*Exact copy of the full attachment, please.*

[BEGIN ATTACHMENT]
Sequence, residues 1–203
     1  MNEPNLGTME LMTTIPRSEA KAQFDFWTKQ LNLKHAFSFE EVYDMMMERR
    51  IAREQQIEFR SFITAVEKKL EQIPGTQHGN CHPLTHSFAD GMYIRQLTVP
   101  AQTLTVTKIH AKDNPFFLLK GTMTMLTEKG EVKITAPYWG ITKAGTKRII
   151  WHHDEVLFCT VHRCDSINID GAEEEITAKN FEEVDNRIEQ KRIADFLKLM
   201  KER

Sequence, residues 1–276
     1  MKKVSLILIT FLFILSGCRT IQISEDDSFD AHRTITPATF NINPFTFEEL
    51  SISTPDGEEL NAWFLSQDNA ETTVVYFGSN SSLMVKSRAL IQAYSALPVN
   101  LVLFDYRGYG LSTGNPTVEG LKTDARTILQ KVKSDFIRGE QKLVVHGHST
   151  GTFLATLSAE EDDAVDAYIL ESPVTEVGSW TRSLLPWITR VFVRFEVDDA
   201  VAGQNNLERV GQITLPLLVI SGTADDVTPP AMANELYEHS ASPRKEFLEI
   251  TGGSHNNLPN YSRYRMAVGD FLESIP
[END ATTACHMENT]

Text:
Sequence, residues 1–203
     1  MNEPNLGTME LMTTIPRSEA KAQFDFWTKQ LNLKHAFSFE EVYDMMMERR
    51  IAREQQIEFR SFITAVEKKL EQIPGTQHGN CHPLTHSFAD GMYIRQLTVP
   101  AQTLTVTKIH AKDNPFFLLK GTMTMLTEKG EVKITAPYWG ITKAGTKRII
   151  WHHDEVLFCT VHRCDSINID GAEEEITAKN FEEVDNRIEQ KRIADFLKLM
   201  KER

Sequence, residues 1–276
     1  MKKVSLILIT FLFILSGCRT IQISEDDSFD AHRTITPATF NINPFTFEEL
    51  SISTPDGEEL NAWFLSQDNA ETTVVYFGSN SSLMVKSRAL IQAYSALPVN
   101  LVLFDYRGYG LSTGNPTVEG LKTDARTILQ KVKSDFIRGE QKLVVHGHST
   151  GTFLATLSAE EDDAVDAYIL ESPVTEVGSW TRSLLPWITR VFVRFEVDDA
   201  VAGQNNLERV GQITLPLLVI SGTADDVTPP AMANELYEHS ASPRKEFLEI
   251  TGGSHNNLPN YSRYRMAVGD FLESIP